Unashamed Workmen 6: Simon Manchester

March 17, 2015 | by: Bob Schilling | 0 comments

Posted in: Preaching Tags: Preaching, Book Review, Sermon Prep, Simon Manchester

I'm taking ten weeks to work through the book,

"Unashamed Workmen: How Expositors Prepare and Preach"
edited by Rhett Dodson

To quote D. A. Carson, "This is a great book." He adds,

"This is not so much a book for students as for preachers - a book to savor, reading a chapter or two, then a few weeks later another chapter or two, and so on, so as to refresh your vision and practice."

That's exactly what I'm doing. Reading through a chapter a week, thinking through what's being said, reflecting, adding a few thoughts of my own and blogging about it for the profit of both myself and others. 

Here again is an overview of the ten practitioners (and links to the previous blogs):

- Peter Adam, St. Jude's Carlton in Melbourne Australia
- Rhett Dodson, Grace Presbyterian Church (PCA) in Hudson, Ohio
- Iain Duguid, Christ Presbyterian Church (ARP) in Grove City, Pennsylvania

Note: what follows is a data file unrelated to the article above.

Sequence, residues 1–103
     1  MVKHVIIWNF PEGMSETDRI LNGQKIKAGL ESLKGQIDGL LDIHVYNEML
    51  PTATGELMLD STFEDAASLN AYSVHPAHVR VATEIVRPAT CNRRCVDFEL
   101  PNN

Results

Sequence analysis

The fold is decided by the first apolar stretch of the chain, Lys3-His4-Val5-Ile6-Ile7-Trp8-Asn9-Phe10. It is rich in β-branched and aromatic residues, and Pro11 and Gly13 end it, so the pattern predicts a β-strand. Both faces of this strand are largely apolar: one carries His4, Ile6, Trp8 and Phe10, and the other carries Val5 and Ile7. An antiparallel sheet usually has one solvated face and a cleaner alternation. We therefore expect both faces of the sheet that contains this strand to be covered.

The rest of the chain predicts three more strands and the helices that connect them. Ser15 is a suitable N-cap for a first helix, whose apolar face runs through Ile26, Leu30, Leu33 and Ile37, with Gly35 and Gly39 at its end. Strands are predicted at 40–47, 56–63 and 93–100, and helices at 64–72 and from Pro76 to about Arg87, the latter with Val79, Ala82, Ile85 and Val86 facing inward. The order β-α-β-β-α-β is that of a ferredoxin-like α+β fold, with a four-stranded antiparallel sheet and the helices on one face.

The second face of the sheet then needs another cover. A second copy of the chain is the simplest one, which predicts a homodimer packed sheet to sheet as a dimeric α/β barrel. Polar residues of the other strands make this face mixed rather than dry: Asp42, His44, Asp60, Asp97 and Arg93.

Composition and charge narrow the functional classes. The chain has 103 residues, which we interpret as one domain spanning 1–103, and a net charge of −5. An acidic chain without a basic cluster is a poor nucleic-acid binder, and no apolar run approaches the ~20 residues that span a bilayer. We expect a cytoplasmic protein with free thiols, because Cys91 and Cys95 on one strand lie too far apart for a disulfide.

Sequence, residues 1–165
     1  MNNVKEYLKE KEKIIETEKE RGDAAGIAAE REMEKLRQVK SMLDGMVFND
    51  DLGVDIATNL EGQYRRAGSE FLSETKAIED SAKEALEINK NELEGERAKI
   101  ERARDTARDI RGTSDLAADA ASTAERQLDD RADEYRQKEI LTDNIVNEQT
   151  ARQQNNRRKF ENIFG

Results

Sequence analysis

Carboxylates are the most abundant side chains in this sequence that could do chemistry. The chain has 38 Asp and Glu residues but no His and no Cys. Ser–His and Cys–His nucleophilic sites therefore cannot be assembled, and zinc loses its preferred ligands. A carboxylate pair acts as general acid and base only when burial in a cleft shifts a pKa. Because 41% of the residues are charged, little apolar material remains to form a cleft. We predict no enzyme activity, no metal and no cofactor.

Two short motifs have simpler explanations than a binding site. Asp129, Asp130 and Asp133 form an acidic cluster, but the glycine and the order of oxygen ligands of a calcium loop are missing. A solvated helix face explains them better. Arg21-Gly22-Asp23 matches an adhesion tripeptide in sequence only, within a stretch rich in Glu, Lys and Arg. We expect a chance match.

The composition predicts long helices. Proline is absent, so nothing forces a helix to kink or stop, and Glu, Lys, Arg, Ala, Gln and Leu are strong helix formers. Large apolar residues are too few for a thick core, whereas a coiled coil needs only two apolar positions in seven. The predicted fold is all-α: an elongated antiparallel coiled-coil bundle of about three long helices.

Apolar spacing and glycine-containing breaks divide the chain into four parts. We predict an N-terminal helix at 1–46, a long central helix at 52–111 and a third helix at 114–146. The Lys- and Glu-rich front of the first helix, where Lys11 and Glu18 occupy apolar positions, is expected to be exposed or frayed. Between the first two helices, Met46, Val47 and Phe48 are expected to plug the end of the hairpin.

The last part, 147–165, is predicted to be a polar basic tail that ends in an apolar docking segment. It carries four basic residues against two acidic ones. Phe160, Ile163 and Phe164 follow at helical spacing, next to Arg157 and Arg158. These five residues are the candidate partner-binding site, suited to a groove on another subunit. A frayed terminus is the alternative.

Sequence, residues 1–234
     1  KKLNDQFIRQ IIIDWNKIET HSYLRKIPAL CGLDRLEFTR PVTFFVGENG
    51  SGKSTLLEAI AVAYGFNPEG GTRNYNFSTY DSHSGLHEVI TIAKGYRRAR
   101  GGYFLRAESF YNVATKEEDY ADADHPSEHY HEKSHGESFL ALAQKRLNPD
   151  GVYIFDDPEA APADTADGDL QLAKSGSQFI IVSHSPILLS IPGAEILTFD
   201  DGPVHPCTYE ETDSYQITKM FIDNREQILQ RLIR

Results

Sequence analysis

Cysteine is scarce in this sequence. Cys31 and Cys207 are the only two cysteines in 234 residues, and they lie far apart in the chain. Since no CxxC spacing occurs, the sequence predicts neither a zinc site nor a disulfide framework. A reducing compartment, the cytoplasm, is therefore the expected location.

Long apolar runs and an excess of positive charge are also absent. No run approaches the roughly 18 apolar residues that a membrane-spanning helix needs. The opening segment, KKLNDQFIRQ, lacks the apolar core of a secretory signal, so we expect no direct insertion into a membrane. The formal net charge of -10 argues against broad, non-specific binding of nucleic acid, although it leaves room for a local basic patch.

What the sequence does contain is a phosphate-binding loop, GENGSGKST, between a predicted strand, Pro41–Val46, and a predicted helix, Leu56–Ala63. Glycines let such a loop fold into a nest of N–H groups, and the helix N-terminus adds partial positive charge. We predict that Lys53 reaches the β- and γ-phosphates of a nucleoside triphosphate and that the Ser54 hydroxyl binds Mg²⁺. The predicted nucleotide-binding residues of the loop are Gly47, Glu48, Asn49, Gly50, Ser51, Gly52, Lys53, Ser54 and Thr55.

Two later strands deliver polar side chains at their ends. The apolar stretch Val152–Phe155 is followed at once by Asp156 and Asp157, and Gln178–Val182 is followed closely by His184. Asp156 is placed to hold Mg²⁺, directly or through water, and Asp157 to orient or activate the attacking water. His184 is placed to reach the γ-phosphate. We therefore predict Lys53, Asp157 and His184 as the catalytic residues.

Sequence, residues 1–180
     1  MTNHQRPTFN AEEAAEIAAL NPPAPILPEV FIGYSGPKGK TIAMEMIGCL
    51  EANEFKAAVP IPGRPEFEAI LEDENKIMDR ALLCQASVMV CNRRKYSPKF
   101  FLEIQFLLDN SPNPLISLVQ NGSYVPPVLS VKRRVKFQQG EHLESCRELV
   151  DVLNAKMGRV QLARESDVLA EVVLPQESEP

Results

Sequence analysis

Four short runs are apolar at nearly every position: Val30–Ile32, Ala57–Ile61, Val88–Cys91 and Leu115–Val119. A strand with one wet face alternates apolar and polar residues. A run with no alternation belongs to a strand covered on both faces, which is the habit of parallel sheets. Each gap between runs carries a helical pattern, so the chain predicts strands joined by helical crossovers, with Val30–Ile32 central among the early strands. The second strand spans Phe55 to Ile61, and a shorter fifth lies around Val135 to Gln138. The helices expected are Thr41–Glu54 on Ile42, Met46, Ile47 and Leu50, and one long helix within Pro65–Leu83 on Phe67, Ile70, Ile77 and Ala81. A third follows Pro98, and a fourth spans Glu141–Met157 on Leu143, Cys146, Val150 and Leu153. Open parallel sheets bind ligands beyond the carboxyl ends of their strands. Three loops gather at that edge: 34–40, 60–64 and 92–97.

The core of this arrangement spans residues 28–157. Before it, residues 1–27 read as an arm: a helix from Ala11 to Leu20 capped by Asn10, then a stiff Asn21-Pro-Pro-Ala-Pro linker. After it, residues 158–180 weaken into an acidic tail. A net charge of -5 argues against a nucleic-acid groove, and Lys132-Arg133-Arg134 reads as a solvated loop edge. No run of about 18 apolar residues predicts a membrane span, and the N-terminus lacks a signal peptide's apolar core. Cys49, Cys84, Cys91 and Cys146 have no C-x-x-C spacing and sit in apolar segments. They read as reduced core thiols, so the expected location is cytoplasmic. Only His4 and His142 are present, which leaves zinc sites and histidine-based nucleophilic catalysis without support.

- Ajith Fernando, serves as Teaching Director of Youth for Christ in Sri Lanka
- David Jackman, former President of the Proclamation Trust, retired, London
     - Today, Simon Manchester, St Thomas in North Sydney, Australia
- David Meredith, Smithton Church, Iverness, Scotland
- Josh Moody, College Church in Wheaton, Illinois
- Douglas Sean O’Donnell, Senior Lecturer at Queensland Theological College, Brisbane, Australia
- Richard D. Phillips, Second Presbyterian Church in Greenville, South Carolina

Section 6: Simon Manchester: The Treasures are in the Text

Simon Manchester served three years with Dick Lucas, a name you see frequently when reading about expository preaching (he came up in the last blog about David Jackman - Proclamation Trust guys in London). 

"If I were to put in one word what I learned from [Dick Lucas] about preaching it would be listening - paying attention to the Scriptures until the message of those veres in that book in that canon was really heard and understood so it could be conveyed. Listening is the key to preaching." (149)

Before mentioning some specific, practical matters regarding his method of sermon prep, Mr. Manchester begins with some important convictions, five of them:

1. The Word is the way God works.

It’s the way He works in creation (Gen. 1), preservation (Heb. 1:3), the church (Deut. 4), and edification (Eph. 4:11) “It’s His weapon; it’s the Spirit’s sword” (Eph. 6:17).